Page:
I was working in the cafe of a large public building. I had just met my dad for lunch. We had been trying to find an Italian restaurant we had eaten at a few years before, but it was no longer there, so instead we ate a fry-up at a very nice greasy spoon on Gray’s Inn Road. I took him for a walk around the Camley Street Nature Reserve, which he had never seen before. We talked about how odd it was for such a little pocket of wildness to exist in the middle of King’s Cross. I said I was disappointed I’d never seen a frog there before, but that I still really appreciated the place.
Later that afternoon, I had arranged to meet someone else around King’s Cross, a director who I needed to talk to about a script we were developing together. The director didn’t know King’s Cross that well, and walked through Granary Square taking in the new developments. “They’ve done this all up,” he remarked. I nodded. “Apparently there’s even a little nature reserve round here now,” I said, then wondered why on earth I had said “apparently.” Was my own life now something I was embarrassed to confess I was living? What an odd attitude to adopt to it. “I’m so sorry to let you down, my lord, but I already had an experience earlier today,” I grovel, “and I therefore cannot acquiesce to any opportunities for further experiences until the next lunar cycle.”
We ended up walking around the nature reserve, and I said how odd it was that such a little pocket of wildness existed in the middle of King’s Cross. “Still,” I added, “you’d think you might see one or two frogs on a walk round the place, wouldn’t you?” The director gave a thin, tight smile, clearly not quite sure what I was on about. Nor was I. “But I still appreciate the place,” I concluded, beaming. Why was I pretending I had never been here before? Why was I just joylessly saying all the same things I’d said a few hours earlier? What was my problem?
In between these two events, as I said, I was working in this building, and was given an opportunity to reflect on this tendency of mine. I live in fear of the question “What have you been up to?” or even, these days, “How’ve you been?” I feel like at one stage in my life, my days were full of things I could say in response to these innocuous questions. “I met Ian Anderson from Jethro Tull and he made me waggle his finger;” “I got chased over Offa’s Dyke by a werewolf, but it turned out it was just a horse;” “I took mushrooms and watched That Mitchell & Webb Look and the universe fragmented so that each individual universe was just one Mitchell & Webb sketch playing on a loop for eternity, and I existed in all of them, and it was hilarious.”
These days, I hear the question “What have you been up to?” and I react with a sort of primal horror as I sift through the days of my life trying to find anything of substance. At ACMS this week, my glasses fell off my head and landed right in my hand and I said it was one of the most exciting things that had happened to me all year, and it got a laugh but it didn’t feel like a joke at the time. At the start of the year, one of the best things that happened to me was that I bought a carpet brush. Now every day, before I go to bed, I stand sentinel-like in my living room and I slowly rake my beautiful brush over my carpet, a master of the art of Zen, then I pick up all the accumulated dust and hair with my bare hands and put it all in the bin, and it makes me feel incredibly happy. But you can’t say this to people when they ask you how you are. You can’t say “I’m great, I’ve been brushing my dust into the bin.” Dust is just old particles of myself that I have shed, after all. I cannot, in the company of good friends or potential work colleagues, reduce my life to a simple process of growing new cells, then shedding them, and then calmly sweeping them into my bin. There must be more to life than that.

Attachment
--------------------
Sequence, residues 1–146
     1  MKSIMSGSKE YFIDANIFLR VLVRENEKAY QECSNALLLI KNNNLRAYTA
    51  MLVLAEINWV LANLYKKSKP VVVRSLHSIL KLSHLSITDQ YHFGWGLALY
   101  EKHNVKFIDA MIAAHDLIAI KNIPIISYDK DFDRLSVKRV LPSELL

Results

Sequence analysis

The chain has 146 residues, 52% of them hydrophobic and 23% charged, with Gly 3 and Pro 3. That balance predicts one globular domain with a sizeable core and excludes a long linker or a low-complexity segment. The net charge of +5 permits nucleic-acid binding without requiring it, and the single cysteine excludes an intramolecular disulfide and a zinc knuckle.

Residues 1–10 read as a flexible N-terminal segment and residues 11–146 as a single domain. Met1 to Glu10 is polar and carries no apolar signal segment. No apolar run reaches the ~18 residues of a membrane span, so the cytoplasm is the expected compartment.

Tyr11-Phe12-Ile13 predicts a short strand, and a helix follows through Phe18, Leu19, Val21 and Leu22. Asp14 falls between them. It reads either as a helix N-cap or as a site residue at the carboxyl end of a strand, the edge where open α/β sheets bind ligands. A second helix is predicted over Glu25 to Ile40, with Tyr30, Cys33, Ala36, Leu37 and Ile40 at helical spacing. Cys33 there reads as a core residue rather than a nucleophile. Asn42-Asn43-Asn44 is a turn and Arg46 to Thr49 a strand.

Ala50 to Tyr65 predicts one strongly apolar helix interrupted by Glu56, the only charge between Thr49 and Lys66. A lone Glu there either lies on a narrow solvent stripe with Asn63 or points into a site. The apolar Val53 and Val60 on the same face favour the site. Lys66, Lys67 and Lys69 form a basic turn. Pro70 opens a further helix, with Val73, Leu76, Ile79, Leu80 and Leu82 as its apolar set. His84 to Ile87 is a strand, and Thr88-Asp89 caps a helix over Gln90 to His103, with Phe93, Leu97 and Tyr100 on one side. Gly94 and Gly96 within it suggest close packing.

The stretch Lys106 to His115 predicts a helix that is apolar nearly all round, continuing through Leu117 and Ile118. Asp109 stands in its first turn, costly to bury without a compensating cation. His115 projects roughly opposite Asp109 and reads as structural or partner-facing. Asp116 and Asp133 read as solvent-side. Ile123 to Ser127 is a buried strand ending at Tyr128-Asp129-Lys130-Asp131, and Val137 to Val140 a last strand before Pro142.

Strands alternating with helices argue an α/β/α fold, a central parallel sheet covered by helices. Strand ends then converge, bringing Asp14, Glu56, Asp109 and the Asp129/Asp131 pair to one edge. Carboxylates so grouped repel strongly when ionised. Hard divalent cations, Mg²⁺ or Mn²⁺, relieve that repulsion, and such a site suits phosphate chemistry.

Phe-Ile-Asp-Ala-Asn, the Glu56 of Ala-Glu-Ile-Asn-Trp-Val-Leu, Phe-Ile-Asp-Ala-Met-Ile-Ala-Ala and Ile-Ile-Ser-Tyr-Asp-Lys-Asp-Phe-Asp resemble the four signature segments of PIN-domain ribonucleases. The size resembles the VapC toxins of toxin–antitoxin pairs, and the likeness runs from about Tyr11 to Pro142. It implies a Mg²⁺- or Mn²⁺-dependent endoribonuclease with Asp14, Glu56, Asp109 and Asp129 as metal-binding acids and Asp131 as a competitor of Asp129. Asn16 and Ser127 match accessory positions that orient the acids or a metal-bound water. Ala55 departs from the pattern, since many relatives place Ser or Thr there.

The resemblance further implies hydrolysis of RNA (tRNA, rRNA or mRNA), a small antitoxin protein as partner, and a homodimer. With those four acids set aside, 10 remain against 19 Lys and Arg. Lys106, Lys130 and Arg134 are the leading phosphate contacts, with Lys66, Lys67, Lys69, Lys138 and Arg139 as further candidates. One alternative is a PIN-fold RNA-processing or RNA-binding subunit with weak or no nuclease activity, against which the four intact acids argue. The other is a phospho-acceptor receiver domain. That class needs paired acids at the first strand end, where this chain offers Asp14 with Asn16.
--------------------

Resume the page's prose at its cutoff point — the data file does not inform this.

In these moments of doubt and indecision, when people ask me how I’ve been and all I can think about is my amazing brush, I feel like reassuring them. I feel like grabbing them by the shoulders and shaking them and staring deep into their eyes and saying “I’ve done absolutely fuck all, but I’ve had an absolutely amazing time. You have got to come round sometime and see my brush.” But I feel like this uncharacteristic explosion of honesty would make me even fewer friends. It would look like panic, like I was asking them to save me, when being saved is actually the last thing I want. At the moment, the thing I settle for most often is “I’m alright. I just can’t believe it’s November!” It seems to strike enough of a fellow feeling in people that it can do a lot without really saying anything.
Then I went to the toilet and, while using the urinal, looked to my left. I was greeted by the sight of a door which had the words “KEEP LOCKED SHUT” printed on it. The door had been left ajar. And suddenly, the opportunity for a whole new way of looking at life began to uncurl in front of me. I had found myself in an unusual situation. Something strange had happened to me. Strange things never happened to me! But now I found myself presented with the opportunity to look behind a door I wouldn’t normally be allowed to look behind. I felt an illicit thrill.
I could walk away. I could go back to my laptop, to the Google doc where I was busy writing jokes about Gandalf for an excellent impressionist’s webseries (funny things Gandalf could say, Gandalf ordering an Uber, that sort of thing) and continue my life, which I didn’t always know how to make sound exciting from the outside-in, but which always made me happy. Or I could find out how so many other comedians live. I could make my life strange. I could surrender to the unexpected, embrace the opportunity to do something I would never get to do again. I could give into the tendency to perform my life, as I had done in the past. To do things, even alone, that I wanted to be observed. I could open the door that should have been kept locked shut.